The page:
Otherwise, it's a Jetta. Like Andy says, it has direct steering, brakes are just right and it had no problem bounding over the bits of snow that are still left on the ground.
The price is great, but would I buy one? Not anymore. There are too many good cars at this price, or less, that are nearly as fun and way less boring. Everyone has caught up, now it's the Jetta's turn to take another step forward.
ASSOCIATE EDITOR GRAHAM KOZAK: I'm struggling to think of things to say about the 2014 Volkswagen Jetta SE. That isn't necessarily a bad thing (I could be taking cruel below-the-belt shots at it, after all), but a car has to be more than perfectly adequate to stand above the competition today, and the two cars I drove right before my turn in the Jetta -- a loaded Mazda 3 five-door and a fairly basic Ford Focus sedan -- didn't do the VW product any favors. Those other cars seemed to have a lot more character on the road and overall style (especially the Mazda).
But let's see what you get with the Jetta, which VW is hoping will get buyers on track to eventual Passat ownership. Styling is…mature, I guess. It's not a bad looking car; the similarities to its bigger brother have already been noted. Where most automakers seem to at least try to have a little fun with the lines of their less-expensive offerings, the Jetta remains restrained (some might say boring) inside and out.
On the road it's not bad. No annoying turbo lag to speak of. Sure, it could have used a sixth gear, but it wasn't crying out for one at speed like, say, a Ford Fiesta. I'd have liked to have had more time to evaluate the handling, which seems to be a strong point on these cars. I want a meatier steering wheel; there's something about VW's wheels and shifters -- that is, the parts of the car I'm most directly in contact with while driving -- that always strikes me as delicate, even if I can't quite nail it down.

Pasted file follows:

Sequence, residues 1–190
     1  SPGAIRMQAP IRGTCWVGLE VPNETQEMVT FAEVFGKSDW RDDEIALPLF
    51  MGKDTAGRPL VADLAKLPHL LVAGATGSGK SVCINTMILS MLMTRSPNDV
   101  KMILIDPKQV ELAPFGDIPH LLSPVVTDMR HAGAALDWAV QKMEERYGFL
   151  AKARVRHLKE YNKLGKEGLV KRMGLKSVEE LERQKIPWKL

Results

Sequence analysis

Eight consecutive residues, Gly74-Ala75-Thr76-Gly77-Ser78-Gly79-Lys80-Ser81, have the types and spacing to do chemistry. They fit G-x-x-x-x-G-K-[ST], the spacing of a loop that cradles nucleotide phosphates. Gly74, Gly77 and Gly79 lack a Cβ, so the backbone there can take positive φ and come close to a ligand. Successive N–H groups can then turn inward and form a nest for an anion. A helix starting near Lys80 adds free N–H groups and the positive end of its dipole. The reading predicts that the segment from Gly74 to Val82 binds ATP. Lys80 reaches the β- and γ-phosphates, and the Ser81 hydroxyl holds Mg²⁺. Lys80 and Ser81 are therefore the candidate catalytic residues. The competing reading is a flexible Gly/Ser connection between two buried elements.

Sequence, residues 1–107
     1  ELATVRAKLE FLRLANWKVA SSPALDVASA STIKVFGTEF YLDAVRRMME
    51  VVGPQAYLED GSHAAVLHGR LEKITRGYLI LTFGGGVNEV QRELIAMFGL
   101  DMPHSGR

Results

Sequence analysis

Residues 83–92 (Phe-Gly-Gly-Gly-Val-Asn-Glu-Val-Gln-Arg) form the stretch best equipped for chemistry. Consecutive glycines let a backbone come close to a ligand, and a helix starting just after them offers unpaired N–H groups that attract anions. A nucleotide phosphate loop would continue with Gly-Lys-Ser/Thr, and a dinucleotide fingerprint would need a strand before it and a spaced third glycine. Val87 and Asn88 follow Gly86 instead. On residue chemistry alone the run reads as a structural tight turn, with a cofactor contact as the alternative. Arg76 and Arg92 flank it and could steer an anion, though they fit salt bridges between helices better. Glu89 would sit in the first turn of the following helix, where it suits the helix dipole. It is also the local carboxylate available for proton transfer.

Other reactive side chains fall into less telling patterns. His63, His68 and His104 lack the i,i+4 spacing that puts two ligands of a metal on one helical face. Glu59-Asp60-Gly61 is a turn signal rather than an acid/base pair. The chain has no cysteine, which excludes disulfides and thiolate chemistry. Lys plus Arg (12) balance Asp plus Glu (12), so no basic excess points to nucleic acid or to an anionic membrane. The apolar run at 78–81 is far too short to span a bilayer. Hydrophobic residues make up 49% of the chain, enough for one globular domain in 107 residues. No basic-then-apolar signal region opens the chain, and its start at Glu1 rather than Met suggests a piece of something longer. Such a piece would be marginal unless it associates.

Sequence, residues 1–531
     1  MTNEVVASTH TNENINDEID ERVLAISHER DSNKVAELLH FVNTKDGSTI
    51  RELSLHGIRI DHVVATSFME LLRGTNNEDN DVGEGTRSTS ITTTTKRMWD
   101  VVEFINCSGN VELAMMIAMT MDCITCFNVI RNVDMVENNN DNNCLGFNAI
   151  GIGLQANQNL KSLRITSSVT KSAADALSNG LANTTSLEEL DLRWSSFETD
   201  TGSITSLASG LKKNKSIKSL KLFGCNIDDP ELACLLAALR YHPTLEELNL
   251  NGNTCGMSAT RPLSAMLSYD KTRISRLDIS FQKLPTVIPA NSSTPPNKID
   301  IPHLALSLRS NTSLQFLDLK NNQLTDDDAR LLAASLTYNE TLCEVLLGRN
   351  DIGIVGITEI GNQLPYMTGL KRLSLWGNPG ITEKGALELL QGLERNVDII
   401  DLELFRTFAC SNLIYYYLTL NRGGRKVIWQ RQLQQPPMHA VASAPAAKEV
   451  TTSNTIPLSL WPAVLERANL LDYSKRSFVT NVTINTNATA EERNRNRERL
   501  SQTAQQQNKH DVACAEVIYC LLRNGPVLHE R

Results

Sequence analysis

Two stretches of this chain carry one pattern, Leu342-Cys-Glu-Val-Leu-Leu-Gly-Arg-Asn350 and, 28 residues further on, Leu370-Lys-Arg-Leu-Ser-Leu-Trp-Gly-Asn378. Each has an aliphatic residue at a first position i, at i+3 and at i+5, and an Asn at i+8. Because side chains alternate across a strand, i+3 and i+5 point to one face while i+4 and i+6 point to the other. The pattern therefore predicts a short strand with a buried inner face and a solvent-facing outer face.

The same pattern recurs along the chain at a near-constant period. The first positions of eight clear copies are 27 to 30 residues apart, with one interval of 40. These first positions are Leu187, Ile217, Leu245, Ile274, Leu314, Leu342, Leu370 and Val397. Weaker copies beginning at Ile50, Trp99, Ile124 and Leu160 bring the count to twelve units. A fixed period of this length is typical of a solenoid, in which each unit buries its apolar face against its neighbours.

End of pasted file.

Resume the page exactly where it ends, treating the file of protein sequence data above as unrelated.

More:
But that wheel is (to me) one of the most attractively designed on the market -- simple, elegant, devoid of clutter. It can afford to be, because the Jetta SE trim doesn't offer many of the technological features found on other cars in its price range…you may find that a feature rather than a bug.
Overall, the Jetta struck me as a buttoned-down car for a buttoned-down lifestyle. That's what some people want, I guess. But it must be noted again that potential Jetta buyers have a lot of options now. The Jetta GLI is a lot more fun on the road, has a sixth gear and costs around $24,000. The one we tested was just under $27,000. If you care enough about being in a Jetta that you're willing to spend the extra money, that's the car to get.
Otherwise, look to the other worthy options in this field -- or hold on and hope that VW responds to its competitors with more features or a slightly lower price, or figures out how to offer optional features for less.
2014 Volkswagen Jetta SE with Connectivity
Base Price: $21,240
As-Tested Price: $21,240
Drivetrain: 1.8-liter turbocharged I4; FWD, five-speed manual
Output: 170 hp @ 4,800 rpm, 184 lb-ft @ 1,500-4,750 rpm
Curb Weight: 3,021 lb
Fuel Economy (EPA City/Highway/Combined): 26/36/30 mpg
AW Observed Fuel Economy: 25.6 mpg